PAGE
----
- a simple past tense and past participle of crop.
Origin of cropt
- the cultivated produce of the ground, while growing or when gathered: the wheat crop.
- the yield of such produce for a particular season.
- the yield of some other product in a season: the crop of diamonds.
- a supply produced.
- a collection or group of persons or things appearing or occurring together: this year's crop of students.
- the stock or handle of a whip.
- Also called riding crop. a short riding whip consisting of a stock without a lash.
- Also called craw. Zoology.
- a pouch in the esophagus of many birds, in which food is held for later digestion or for regurgitation to nestlings.
- a chamber or pouch in the foregut of arthropods and annelids for holding and partly crushing food.
- the act of cropping.
- a mark produced by clipping the ears, as of cattle.
- a close-cropped hair style.
- a head of hair so cut.
- an entire tanned hide of an animal.
- Mining. an outcrop of a vein or seam.
- to cut off or remove the head or top of (a plant, grass, etc.).
- to cut off the ends or a part of: to crop the ears of a dog.
- to cut short.
- to clip the ears, hair, etc., of.
- Photography. to cut off or mask the unwanted parts of (a print or negative).
- to cause to bear a crop or crops.
- to graze off (the tops of plants, grass, etc.): The sheep cropped the lawn.
- to bear or yield a crop or crops.
- to feed by cropping or grazing.
- crop out,
- Geology, Mining.to rise to the surface of the ground: Veins of quartz crop out in the canyon walls.
- to become evident or visible; occur: A few cases of smallpox still crop out every now and then.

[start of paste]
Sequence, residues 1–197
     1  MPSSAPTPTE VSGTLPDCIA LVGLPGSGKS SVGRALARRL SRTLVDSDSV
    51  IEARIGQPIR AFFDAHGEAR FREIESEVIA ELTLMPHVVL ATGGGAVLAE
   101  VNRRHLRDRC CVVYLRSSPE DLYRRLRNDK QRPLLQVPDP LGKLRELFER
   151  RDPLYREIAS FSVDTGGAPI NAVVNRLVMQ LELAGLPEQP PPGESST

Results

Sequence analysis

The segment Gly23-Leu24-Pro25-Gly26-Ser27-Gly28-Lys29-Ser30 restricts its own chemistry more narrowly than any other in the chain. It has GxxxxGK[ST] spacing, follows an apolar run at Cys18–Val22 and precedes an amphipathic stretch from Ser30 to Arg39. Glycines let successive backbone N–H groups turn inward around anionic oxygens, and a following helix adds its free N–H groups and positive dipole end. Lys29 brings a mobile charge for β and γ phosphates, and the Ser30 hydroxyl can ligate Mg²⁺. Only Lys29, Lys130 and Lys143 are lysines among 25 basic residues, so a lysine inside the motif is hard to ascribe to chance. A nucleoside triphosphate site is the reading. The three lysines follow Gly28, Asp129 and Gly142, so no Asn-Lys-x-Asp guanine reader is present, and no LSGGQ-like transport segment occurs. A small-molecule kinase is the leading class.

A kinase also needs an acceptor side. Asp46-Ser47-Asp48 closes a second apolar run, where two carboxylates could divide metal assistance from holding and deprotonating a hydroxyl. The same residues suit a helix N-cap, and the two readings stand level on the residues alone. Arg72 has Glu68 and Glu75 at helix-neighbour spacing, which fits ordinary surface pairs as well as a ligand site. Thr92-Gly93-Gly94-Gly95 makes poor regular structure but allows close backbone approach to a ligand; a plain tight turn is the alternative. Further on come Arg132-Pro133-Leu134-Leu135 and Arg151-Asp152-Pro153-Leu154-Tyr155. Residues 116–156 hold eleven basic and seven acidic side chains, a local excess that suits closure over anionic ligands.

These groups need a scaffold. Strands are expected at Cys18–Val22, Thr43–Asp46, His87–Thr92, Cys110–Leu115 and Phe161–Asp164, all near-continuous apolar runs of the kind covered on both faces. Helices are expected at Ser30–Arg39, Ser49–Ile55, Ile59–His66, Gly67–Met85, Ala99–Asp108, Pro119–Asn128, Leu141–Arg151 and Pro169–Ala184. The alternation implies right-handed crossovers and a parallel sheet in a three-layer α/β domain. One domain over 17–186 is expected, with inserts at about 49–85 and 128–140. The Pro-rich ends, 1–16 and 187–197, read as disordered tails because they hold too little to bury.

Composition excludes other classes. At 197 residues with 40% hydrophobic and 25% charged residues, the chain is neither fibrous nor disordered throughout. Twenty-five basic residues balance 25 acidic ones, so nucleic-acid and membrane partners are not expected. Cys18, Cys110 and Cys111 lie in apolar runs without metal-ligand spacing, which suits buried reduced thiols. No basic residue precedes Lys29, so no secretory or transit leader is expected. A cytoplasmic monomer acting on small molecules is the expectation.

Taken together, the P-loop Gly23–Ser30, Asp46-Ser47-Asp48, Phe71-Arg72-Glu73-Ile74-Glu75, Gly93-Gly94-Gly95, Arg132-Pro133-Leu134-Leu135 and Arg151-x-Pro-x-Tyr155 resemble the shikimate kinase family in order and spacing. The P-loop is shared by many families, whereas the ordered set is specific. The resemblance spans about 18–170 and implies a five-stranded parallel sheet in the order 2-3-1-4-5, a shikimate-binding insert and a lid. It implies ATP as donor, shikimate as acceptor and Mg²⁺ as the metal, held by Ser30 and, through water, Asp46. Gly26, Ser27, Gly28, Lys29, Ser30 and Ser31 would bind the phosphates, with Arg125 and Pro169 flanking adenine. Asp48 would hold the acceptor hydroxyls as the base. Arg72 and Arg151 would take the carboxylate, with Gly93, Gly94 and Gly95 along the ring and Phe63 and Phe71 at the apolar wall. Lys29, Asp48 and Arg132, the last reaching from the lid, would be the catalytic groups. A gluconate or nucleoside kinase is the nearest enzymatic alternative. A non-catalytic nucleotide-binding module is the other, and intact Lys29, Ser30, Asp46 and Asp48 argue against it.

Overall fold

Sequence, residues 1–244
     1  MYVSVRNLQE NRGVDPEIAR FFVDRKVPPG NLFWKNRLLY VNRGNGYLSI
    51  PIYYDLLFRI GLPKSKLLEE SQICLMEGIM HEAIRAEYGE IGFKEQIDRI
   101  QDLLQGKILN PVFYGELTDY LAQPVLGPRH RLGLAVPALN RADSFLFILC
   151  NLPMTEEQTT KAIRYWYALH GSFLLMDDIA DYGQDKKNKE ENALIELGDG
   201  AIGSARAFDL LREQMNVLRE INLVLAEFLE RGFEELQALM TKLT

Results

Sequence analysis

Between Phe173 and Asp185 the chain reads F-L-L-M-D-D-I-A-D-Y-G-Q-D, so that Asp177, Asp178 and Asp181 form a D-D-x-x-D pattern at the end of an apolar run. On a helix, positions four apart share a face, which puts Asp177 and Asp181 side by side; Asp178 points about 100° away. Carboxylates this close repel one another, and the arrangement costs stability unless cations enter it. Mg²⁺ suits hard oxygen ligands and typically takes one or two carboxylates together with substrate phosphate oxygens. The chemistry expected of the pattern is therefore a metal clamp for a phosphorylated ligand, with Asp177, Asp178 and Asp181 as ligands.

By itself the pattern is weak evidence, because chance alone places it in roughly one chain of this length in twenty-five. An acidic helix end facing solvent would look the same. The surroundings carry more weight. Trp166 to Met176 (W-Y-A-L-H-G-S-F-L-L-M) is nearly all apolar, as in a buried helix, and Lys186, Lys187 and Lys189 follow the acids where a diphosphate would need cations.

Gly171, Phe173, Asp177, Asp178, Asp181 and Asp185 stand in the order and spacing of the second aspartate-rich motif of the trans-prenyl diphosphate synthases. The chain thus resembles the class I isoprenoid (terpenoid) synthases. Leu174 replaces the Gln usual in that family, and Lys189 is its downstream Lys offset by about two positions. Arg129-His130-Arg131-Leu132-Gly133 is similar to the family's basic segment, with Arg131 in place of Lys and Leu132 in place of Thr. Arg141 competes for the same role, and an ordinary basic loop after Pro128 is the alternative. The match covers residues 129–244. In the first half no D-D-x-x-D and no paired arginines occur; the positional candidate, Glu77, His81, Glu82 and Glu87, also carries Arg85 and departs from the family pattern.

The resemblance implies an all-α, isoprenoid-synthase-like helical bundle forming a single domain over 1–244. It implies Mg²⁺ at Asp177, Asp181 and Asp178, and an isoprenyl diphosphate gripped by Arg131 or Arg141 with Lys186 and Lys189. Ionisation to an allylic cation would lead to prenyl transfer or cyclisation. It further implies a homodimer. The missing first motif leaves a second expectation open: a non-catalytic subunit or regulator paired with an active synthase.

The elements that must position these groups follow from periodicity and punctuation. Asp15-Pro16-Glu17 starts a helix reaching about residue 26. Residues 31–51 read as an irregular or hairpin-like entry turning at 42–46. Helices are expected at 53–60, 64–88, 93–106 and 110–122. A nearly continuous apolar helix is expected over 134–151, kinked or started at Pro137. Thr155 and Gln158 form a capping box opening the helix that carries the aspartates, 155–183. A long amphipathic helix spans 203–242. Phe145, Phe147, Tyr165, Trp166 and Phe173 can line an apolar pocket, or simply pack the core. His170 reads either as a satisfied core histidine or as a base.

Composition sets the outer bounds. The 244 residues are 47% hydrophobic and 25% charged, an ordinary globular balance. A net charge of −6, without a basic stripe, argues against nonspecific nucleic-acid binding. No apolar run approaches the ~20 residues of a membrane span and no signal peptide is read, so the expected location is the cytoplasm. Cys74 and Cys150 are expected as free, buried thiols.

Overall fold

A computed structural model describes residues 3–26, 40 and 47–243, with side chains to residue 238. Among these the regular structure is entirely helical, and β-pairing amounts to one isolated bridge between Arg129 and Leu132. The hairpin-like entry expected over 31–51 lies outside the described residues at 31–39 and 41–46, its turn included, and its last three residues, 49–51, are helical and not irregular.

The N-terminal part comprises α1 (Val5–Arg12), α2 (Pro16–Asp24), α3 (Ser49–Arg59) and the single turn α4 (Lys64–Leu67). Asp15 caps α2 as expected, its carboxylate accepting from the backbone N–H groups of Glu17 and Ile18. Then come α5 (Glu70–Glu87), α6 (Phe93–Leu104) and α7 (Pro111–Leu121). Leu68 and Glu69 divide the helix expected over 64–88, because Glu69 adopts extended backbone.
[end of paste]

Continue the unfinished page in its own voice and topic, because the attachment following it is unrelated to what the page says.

- crop up, to appear, especially suddenly or unexpectedly: A new problem cropped up.
Origin of crop
Related Words for croptoutput, product, produce, yield, shave, prune, shear, vintage, gathering, reaping, gleaning, fruitage, byproduct, fruits, mow, chop, pare, hew, truncate, clip
Examples from the Web for cropt
Historical Examples of cropt
By the hundred and the thousand, men's lives are cropt; cast like brands into the burning.The French Revolution
Three cropt heads of hair on them, three frocks they wore, and three mantles wrapt around them.
Most likely, as the strata was horizontal, it cropt out also on the south-east side next the plain of Celo-Syria.Letters from Palestine
J. D. Paxton
It is an ever fading and ever green tree, and the more it is lopped and cropt, the more it grows and expands itself.
The Oxford Dictionary quotes Lamb, 'a notched and cropt scrivener'.Society for Pure English, Tract 5
Society for Pure English
- the produce of cultivated plants, esp cereals, vegetables, and fruit
- the amount of such produce in any particular season
- the yield of some other farm producethe lamb crop
- a group of products, thoughts, people, etc, appearing at one time or in one seasona crop of new publications
- the stock of a thonged whip
- short for riding crop
- a pouchlike expanded part of the oesophagus of birds, in which food is stored or partially digested before passing on to the gizzard
- a similar structure in insects, earthworms, and other invertebrates
- the entire tanned hide of an animal
- a short cropped hairstyleSee also Eton crop
- a notch in or a piece cut out of the ear of an animal
- the act of cropping
- to cut (hair, grass, etc) very short
- to cut and collect (mature produce) from the land or plant on which it has been grown
- to clip part of (the ear or ears) of (an animal), esp as a means of identification
- (also intr) to cause (land) to bear or (of land) to bear or yield a cropthe land cropped well
- (of herbivorous animals) to graze on (grass or similar vegetation)
- photog to cut off or mask unwanted edges or areas of (a negative or print)
Word Origin for crop
Old English cropp "bird's craw," also "head or top of a sprout or herb." The common notion is "protuberance." Cognate with Old High German kropf, Old Norse kroppr. Meaning "harvest product" is c.1300, probably through the verbal meaning "cut off the top of a plant" (c.1200).
"cut off the top of a plant," c.1200, from crop (n.). The general meaning of "to cut off" is mid-15c. Related: Cropped; cropping. Women's fashion crop top is attested from 1984.
In addition to the idioms beginning with crop
- crop out
- crop up
- cream of the crop